The Day | $18 Carrot Dish Panned, $2.50 Tap Water Hard to Swallow

Forbidden PlanetScott Lynch Inside the new Forbidden Planet.

The Post doesn’t just hate the new water cafe on East 10th Street. A pair of reporters got wind of an $18 entree at Northern Spy Food Co. that consists of carrots with wild spinach, freekeh, and almonds — and they are outraged. The pricey plate, like the water cafe, is a signal that New York’s dining scene is spiraling out of control, according to the paper. (“Even Bugs Bunny would balk.”) The restaurant doesn’t seem too concerned, though. “The fact that we’ve teed off the NY Post could stand as a point of pride,” it writes on Twitter.

By the way, The Voice joins The Post in criticizing the water cafe, calling it a “snake oil factory.”

DNAInfo reports that Bleecker Bob’s won’t be at its current location for much longer, as the landlord is actively dealing with potential tenants. “We’re letting them stay there until we get somebody, so it works for both of us,” the landlord said. “There’s no timeline, but they should be finished very shortly though.”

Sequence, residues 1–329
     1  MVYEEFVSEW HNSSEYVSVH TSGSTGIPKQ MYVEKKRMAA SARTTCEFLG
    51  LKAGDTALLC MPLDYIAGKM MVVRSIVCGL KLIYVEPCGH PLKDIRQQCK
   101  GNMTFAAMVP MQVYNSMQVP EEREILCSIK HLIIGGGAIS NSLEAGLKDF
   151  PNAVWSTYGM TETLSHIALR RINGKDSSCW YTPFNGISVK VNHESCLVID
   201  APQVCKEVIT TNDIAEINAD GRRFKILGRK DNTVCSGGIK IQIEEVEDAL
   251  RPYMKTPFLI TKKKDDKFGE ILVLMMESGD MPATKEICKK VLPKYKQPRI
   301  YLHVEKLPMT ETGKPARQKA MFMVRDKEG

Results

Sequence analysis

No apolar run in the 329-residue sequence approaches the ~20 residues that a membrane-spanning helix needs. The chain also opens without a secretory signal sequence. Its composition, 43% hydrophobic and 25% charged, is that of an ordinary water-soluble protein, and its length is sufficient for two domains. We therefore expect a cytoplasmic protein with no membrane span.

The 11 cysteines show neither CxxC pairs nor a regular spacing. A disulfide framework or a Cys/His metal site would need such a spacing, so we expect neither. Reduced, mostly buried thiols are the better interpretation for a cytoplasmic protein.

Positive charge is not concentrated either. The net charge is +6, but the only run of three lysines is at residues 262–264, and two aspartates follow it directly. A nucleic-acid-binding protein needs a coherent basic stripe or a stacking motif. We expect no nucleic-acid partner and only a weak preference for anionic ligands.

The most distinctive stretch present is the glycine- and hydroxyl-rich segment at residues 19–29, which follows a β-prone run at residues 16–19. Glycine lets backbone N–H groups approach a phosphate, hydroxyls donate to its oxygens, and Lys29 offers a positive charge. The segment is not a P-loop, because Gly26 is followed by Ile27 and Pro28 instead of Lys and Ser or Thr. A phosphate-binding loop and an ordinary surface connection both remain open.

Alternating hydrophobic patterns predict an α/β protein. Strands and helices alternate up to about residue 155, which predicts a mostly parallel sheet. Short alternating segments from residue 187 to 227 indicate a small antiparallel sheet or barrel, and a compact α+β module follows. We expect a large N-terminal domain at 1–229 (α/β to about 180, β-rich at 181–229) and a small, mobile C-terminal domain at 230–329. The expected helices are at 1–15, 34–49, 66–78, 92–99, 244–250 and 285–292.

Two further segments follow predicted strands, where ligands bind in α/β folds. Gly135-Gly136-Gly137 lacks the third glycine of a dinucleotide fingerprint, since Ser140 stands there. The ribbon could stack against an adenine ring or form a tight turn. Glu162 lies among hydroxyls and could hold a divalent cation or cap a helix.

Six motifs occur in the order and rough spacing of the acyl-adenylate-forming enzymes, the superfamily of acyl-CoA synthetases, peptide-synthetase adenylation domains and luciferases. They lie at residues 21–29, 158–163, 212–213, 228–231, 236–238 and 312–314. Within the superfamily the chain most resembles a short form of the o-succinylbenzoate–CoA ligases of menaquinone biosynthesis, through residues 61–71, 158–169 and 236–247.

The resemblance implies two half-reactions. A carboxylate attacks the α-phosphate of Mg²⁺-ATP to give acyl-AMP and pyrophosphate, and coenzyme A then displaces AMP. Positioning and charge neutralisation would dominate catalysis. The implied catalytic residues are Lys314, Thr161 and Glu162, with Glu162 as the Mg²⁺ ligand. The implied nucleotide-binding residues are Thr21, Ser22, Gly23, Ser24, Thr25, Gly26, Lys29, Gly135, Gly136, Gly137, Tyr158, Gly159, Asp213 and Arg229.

Jeremiah’s Vanishing New York reports that Saturday’s cash mob at St. Mark’s Bookshop was a success. “Saturday’s total business was increased by more than 30 percent from what we’ve been doing lately, so that was very welcome…the neighborhood came through for us,” co-owner Terrence McCoy tells the blog.

Alternative Press has a video of John Joseph McGowan, lead singer of the Cro-Mags, making a guest appearance at a Refused show in Greenpoint.

The Wall Street Journal got a kick out of the newfangled pizza trays at Nicoletta, which “hook directly with a spring-loaded gusset into the side of each table.” Chef Michael White is even working on a patent for a magnetic version of the trays meant for use at home.

The Post reports that women in the city looking for romance are heading to the suburbs “in droves” and an East Village woman illustrates the trend. “Greenwich guys have gotten a lot younger,” says the 30-year-old fashion professional who lives in the neighborhood. “It used to be all families, but now it’s more of a business mini-mecca.” Now, she regularly hops on the Metro-North when she wants to go out on the town.